The family of a man shot and killed by an Oklahoma Highway Patrol trooper in Nowata County two years ago filed a civil rights lawsuit, claiming the trooper used excessive force.
According to OHP, in 2014, Trooper Jerrod Martin responded to a 911 call about Josh Stand walking in the middle of the roadway with a knife.
But, lawyers for the Stand family interviewed witnesses in Delaware, Oklahoma and they are telling a different story about what happened that day.
On the two-year anniversary of his death, Stand’s friends and family members held a vigil to remember him.
"No matter what the outside world thinks of Josh, he's ours, he belonged to us. The pain we deal with every day, you don't ever get over missing him,” Stand’s aunt, Stella Stand said. "When you see this come out, it helps you deal with that pain."
Trooper statements and witnesses say Stand was holding a knife at the time of the shooting. OHP dashcam video shows Martin attempting to stop Stand.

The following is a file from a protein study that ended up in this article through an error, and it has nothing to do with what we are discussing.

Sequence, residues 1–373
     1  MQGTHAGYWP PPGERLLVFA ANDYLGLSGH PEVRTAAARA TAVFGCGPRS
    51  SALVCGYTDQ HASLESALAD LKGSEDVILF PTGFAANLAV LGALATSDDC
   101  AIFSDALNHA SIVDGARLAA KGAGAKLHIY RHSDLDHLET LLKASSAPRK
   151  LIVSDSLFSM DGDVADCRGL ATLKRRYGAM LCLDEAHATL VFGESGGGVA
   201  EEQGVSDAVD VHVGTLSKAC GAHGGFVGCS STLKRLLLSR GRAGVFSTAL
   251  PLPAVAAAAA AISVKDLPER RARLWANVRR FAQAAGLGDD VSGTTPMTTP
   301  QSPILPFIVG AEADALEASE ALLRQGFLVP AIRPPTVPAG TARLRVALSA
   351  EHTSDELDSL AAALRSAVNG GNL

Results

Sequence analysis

Attorney Dan Smolen said, "They're on a rural road with the trooper getting out of the car with a gun in this kid's face as the kid is walking down the highway."
Stand's family attorney said Stand had a history of mental illness and that Martin saw Stand first, radioed to see if he had any warrants, and the dispatcher said no.
Martin's attorney says the trooper responded to a dispatch from Nowata County about a 911 call about a man with a knife and followed Stand up a hill, at gunpoint, into town.
According to interviews conducted for the civil rights lawsuit, neighbors claim Stand was shot from a distance, across the street, and that Stand never had the knife open.
The Nowata County district attorney cleared Martin of any wrongdoing in the shooting.
Martin’s attorney says audio recordings show inconsistencies from the statements contained in the lawsuit.